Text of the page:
Transdermal penetration enhancement and clinical efficacy of Aloe marlothii and Aloe ferox compared to Aloe vera
Fox, Lizelle Trifena
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Extensive research has already been performed on Aloe vera therefore it is important that researchers include other aloe species, such as Aloe marlothii and Aloe ferox, in studies involving aloe plant materials (Loots et al., 2007:6891). The use of natural products has regained popularity and in recent years the demand for alternative medication has risen considerably (Walji & Wiktorowicz, 2013:86). The hydration state of the human skin is fundamental for its normal functioning (Verdier-Sévrain & Bonté, 2007:75), with healthy skin possessing a water content higher than 10% (w/v) (Blank, 1952:439). This demonstrates the importance of the topical application of skin moisturisers as part of basic skin care regime (Verdier-Sévrain & Bonté, 2007:75). The first part of this project focused on the in vivo skin hydration effects of the precipitated polysaccharide components of A. vera, A. ferox and A. marlothii leaf gel materials (3% (w/v)) after single (30, 90 and 150 min after application) and multiple applications (twice daily application over a period of four weeks) on healthy volunteers, respectively. The anti-erythema effects of these aloe materials on sodium lauryl sulphate irritated skin were also examined. The skin hydration effects of the aloe materials were determined with the Corneometer® CM 825 and Visioscan® VC 98 during the short term study (single application) and longer term study (multiple applications). In addition, as an indirect measurement of skin hydration, the Cutometer® dual MPA 580 was used to measure skin elasticity during the longer term study. To determine the anti-erythema effects of the aloe materials when applied to irritated skin areas, the haemoglobin content of the skin was measured with a Mexameter® MX 18. The results from the in vivo study indicated that A. ferox gel material dehydrated the skin, whereas A. vera and A. marlothii gel materials hydrated the skin during the short term study. Results from the longer term study showed that all the aloe leaf materials have skin dehydration effects, probably due to the aloe absorbing moisture from the skin into the applied gel layer upon drying. From the anti-erythema study, it was seen that A. vera and A. ferox materials had the potential to reduce erythema on the skin similar to that of the positive control group (i.e. hydrocortisone gel) after six days of treatment. The skin possesses exceptional barrier properties which can mostly be ascribed to the outermost layer of the skin, the stratum corneum (SC). Due to the physical barrier the skin has against drug permeation, the delivery of drug molecules into and across the skin continues to be challenging (Lane, 2013:13) and to overcome this barrier, penetration enhancers can be used to efficiently deliver drugs across the skin (Barry, 2002:522). The aim of the second part of this project was to determine the skin penetration enhancing effects of the gel and whole leaf materials of A. vera, A. marlothii and A. ferox. Ketoprofen was used as the marker compound and a high performance liquid chromatography (HPLC) method was developed and validated to determine the amount of ketoprofen present in the samples. Prior to the skin diffusion studies, membrane release studies were performed to test whether the solutions containing different concentrations of the aloe leaf materials (i.e. 3.00%, 1.50% and 0.75% (w/v)) released ketoprofen from their gel-like structures. From these studies, it was evident the 0.75% (w/v) concentration had the highest average percentage ketoprofen release, which was subsequently chosen as the concentration for the aloe leaf materials tested in the transdermal skin diffusion studies. The in vitro permeation study was conducted across dermatomed (400 μm thick) skin in Franz diffusion cells. Tape stripping was performed after completion of the diffusion studies to determine the concentration ketoprofen present in the SC-epidermis and epidermis-dermis layers of the skin. Results from the in vitro permeation study showed that A. vera gel enhanced the flux of ketoprofen to the highest extent (20.464 μg/cm2.h) when compared to the control group (8.020 μg/cm2.h). Aloe marlothii gel (12.756 μg/cm2.h) and A. ferox whole leaf material (12.187 μg/cm2.h) also enhanced the permeation of ketoprofen across the skin compared to the control group. A. vera gel material was the most efficient transdermal drug penetration enhancer of the selected aloe species investigated. In order to determine by which mechanism the aloe leaf materials enhanced the skin permeation of ketoprofen (Hadgraft et al., 2003:141), the permeation profiles were analysed using a non-linear curve-fitting procedure (Díez-Sales et al., 1991:3) to obtain α, β and kp values. A change in the α-value indicated the aloe leaf material influenced the partition coefficient (K), whereas a change in β indicated the aloe leaf material influenced the diffusivity (D) (with the assumption that h, the diffusional path length is constant) (Otto et al., 2010:278).The calculated α-values indicated the drug permeation enhancing effect of A. vera gel can be ascribed to an increased partitioning of the drug into the skin. The calculated β-values showed A. ferox whole leaf altered the diffusion characteristics of the skin for ketoprofen. The tape stripping results showed A. marlothii whole leaf delivered the highest concentration of the ketoprofen into the SC-epidermis and epidermis-dermis layers of the skin.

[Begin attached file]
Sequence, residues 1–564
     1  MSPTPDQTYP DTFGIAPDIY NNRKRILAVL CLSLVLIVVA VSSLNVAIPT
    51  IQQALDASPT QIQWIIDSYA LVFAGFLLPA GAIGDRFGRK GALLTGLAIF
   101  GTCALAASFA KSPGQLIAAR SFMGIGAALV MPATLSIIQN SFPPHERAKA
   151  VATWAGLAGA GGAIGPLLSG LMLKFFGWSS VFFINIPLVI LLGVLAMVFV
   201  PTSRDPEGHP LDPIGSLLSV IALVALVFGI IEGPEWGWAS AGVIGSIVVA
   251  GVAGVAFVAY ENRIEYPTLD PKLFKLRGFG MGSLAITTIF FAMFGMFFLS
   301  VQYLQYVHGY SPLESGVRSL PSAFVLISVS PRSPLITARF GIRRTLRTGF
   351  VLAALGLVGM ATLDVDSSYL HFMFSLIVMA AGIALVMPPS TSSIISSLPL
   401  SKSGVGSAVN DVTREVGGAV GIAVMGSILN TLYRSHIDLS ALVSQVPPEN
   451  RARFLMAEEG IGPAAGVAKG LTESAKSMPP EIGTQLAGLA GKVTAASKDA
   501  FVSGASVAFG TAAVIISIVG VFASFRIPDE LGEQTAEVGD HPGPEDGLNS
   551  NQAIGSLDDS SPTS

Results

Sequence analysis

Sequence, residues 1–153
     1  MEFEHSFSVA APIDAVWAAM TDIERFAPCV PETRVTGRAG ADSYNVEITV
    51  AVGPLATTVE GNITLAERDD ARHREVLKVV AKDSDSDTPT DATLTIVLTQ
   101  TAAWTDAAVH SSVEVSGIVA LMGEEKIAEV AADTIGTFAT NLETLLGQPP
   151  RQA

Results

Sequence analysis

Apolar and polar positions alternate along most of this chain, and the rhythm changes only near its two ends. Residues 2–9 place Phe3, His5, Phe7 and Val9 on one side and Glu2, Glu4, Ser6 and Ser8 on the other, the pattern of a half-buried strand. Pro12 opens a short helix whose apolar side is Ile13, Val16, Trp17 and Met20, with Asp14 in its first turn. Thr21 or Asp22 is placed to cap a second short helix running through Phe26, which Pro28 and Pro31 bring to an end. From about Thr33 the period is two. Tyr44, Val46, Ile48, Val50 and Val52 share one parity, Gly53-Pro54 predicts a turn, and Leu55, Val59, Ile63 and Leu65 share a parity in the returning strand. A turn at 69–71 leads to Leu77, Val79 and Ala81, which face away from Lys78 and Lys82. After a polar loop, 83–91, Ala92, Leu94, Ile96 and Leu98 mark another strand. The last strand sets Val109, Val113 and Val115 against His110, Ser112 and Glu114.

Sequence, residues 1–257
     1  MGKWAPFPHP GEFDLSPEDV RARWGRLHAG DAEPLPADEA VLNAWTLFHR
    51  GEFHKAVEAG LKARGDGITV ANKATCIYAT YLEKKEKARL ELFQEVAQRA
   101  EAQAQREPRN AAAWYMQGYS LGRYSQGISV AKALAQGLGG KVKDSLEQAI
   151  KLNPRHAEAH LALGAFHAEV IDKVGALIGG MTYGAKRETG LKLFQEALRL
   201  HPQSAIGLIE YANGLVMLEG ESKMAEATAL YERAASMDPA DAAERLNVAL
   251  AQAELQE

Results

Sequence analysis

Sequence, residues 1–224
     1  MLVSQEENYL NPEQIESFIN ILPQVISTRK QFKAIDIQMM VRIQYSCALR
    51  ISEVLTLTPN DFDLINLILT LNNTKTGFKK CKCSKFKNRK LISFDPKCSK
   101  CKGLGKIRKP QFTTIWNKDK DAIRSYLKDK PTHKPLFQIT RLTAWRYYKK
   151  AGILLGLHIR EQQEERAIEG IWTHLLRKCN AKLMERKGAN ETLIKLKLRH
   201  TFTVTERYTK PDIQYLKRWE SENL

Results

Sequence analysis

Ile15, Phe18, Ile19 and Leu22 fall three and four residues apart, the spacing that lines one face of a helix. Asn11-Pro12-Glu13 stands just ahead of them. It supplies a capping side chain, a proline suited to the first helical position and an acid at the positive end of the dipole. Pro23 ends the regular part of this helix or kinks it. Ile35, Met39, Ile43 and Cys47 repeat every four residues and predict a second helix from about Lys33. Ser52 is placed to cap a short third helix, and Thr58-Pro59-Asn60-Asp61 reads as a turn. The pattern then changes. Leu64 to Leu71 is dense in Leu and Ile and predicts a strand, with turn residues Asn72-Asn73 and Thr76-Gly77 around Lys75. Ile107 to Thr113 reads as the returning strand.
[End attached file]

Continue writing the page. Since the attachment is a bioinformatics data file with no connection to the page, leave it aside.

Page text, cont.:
- Health Sciences